All resonant phenomena involve the storing
of energy in the oscillating system. The quality factor, Q, of the system is the ratio of the energy stored to the energy
dissipated during each cycle. The student can show that Q can be measured by studying the cell's acoustic amplitude response
as a function of the driving frequency. The theoretical curve for the amplitude of a driven, damped, simple harmonic oscillator
as a function of frequency, along with real student data for a SL100B rectangular cell, are shown to the right.
The quality factor Q may also be determined by abruptly terminating the input signal to the control box and observing the
characteristic exponential decay of the cell's acoustic amplitude response.
of experiments that can be performed on the optical aspects of Sonoluminescence is limited only by the student's imagination
and time. The experimenter's first task is to trap the bubbles at a sonic pressure node. The SL100B electronics give the student
unambiguous signals characteristic of a trapped bubble.
To the right
are the signals from the cell's transducer pill when there is no trapped bubble. The upper trace is the pill's signal as it
appears from the filtered high frequency output. (The small high frequency "glitch" that appears on the upper trace
near the maximum of the pill's signal is an artifact of the Ramsey signal generator)
The next data set shows the case when a gas bubble has been trapped. Note the signature
acoustic signal from the collapsing bubble that appears on the upper trace. This is also observable, although less obvious,
on the lower trace. The trapped bubbles were created by a short burst of current through a submerged heater. This causes local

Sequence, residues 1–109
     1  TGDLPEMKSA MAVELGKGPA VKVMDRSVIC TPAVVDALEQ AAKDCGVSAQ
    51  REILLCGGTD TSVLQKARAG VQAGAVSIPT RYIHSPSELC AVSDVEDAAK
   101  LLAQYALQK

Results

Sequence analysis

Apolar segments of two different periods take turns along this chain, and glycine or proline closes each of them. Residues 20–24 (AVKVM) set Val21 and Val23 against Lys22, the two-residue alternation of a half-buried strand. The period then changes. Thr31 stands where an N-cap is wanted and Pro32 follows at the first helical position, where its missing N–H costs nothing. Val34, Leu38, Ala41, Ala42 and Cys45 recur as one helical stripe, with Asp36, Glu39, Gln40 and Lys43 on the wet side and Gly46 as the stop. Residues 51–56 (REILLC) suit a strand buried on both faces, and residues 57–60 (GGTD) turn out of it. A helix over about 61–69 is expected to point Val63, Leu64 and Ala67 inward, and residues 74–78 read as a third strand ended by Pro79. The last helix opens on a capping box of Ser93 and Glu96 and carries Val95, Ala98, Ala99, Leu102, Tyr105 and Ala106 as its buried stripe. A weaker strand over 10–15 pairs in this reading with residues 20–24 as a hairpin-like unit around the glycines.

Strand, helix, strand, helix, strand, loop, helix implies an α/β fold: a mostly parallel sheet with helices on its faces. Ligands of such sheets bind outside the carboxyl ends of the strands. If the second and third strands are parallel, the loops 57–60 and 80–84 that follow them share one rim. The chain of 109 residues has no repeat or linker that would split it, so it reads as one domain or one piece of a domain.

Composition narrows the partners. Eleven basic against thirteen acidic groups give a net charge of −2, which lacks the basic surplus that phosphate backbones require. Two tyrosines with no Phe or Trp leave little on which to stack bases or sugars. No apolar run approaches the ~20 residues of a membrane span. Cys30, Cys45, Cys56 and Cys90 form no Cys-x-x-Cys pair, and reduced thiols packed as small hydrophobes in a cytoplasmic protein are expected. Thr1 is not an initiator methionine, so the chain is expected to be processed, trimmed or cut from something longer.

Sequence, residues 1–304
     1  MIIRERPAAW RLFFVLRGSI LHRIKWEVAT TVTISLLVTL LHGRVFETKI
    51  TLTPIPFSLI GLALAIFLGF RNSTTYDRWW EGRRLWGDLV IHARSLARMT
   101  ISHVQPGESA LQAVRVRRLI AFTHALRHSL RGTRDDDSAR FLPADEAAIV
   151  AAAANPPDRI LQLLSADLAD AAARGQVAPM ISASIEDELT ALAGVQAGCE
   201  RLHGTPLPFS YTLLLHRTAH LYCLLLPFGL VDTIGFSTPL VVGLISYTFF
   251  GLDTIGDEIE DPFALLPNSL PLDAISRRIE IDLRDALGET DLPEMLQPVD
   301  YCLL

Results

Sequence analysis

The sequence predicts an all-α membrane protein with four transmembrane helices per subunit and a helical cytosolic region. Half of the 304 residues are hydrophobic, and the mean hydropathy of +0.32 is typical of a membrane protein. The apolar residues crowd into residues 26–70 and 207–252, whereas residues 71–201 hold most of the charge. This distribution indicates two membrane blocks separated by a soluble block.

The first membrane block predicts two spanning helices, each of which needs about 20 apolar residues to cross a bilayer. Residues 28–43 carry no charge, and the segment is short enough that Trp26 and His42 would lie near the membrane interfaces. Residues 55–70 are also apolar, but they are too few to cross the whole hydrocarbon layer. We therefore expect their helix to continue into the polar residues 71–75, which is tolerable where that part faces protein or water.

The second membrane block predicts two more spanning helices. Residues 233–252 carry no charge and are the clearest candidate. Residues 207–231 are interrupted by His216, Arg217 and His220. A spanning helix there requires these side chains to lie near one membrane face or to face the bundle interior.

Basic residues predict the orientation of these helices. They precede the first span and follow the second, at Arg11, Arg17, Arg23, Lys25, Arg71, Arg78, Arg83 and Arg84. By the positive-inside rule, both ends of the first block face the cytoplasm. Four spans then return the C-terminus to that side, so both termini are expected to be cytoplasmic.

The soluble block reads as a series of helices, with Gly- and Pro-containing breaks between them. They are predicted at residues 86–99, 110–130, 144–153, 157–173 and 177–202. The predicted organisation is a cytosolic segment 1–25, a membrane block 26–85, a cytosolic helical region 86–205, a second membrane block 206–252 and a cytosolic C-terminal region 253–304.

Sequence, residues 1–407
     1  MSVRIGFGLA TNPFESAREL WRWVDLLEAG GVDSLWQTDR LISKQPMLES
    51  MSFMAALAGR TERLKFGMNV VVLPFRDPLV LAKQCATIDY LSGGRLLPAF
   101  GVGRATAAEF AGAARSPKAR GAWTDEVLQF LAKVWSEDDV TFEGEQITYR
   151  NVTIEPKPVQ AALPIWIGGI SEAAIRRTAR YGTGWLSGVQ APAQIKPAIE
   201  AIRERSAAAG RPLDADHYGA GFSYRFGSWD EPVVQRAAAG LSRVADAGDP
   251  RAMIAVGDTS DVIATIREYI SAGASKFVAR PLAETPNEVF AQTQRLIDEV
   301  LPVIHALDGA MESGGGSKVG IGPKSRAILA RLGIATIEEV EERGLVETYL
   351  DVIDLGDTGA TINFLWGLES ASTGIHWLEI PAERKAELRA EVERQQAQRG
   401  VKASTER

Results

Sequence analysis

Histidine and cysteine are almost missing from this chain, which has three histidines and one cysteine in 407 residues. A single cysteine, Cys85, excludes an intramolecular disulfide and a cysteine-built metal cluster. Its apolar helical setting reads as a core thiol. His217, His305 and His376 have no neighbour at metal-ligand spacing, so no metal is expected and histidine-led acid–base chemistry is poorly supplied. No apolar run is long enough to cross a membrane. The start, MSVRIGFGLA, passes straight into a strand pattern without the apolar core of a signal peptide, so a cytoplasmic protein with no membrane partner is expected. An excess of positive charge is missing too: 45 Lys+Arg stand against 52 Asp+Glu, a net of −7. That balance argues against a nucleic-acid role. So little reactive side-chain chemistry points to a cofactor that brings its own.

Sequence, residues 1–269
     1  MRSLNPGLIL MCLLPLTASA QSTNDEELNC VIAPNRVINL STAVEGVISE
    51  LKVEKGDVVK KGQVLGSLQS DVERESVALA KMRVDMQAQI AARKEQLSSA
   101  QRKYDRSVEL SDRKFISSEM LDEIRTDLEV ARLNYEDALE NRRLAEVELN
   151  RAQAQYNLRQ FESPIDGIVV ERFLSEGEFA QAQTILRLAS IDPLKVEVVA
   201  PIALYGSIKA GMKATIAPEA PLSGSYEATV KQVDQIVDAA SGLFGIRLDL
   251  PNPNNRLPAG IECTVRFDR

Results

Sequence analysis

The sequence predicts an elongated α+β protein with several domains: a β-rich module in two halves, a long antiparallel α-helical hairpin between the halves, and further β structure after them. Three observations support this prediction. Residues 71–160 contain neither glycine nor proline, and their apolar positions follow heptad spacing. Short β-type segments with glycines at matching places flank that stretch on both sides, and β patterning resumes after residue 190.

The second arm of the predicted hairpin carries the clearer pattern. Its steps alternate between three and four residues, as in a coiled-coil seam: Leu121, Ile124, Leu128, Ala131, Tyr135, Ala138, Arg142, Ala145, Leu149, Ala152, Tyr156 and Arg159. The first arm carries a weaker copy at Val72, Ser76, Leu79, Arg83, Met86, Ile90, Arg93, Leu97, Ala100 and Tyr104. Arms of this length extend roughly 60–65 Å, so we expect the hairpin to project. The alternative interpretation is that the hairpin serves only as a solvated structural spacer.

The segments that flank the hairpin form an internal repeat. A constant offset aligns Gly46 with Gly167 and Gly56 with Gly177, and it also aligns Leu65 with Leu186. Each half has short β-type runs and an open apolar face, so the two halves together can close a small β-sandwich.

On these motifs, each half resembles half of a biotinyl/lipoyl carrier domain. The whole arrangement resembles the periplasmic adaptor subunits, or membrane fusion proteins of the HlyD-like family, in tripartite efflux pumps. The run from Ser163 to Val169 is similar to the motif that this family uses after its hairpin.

boiling around the heater. The bubbles migrate from the heater until they are trapped at one of the acoustic pressure nodes.
The acoustic amplitude and frequency are adjusted to maximize the bubble trapping.
A series of experiments that can be performed quantitatively, with the addition of a photomultiplier tube PMT
(sold as an accessory), involve correlating the light output with drive level, frequency, and temperature.
Another series of experiments that can be performed with the addition of a good quality oscilloscope,
is setting an upper limit on the time duration of the SL flash. The student will be amazed to learn that the flash duration
from the SL bubble is in fact many times smaller than the rise times of all but the most expensive PMTs. Measuring this simple
property of the system can be accomplished with a generic PMT and an oscilloscope of sufficiently high bandwidth. The phase
sensitivity near resonance can be explored by observing the phase of the light emission relative to the driving frequency
as the system passes through resonance.
Another useful measurement
is that of the light intensity as a function of driving amplitude. By connecting the PMT into the peak detector, a DC voltage
is generated which can be read with any voltmeter. This voltage is proportional to the peak voltage generated by the PMT.
Measuring these characteristics will also enable the first time user of a PMT to gain a general understanding of a PMT's operational
characteristics such as rise time, recover time and dark counts.
The last figure shows actual student data taken with
a PMT and an AC voltmeter. The driving frequency is changed, passing the system through the mechanical resonance of the cell.
As can be seen on the graph there is a close correlation between the light output and the amplitude of the high frequency
acoustic signal emitted by the bubble just after its collapse.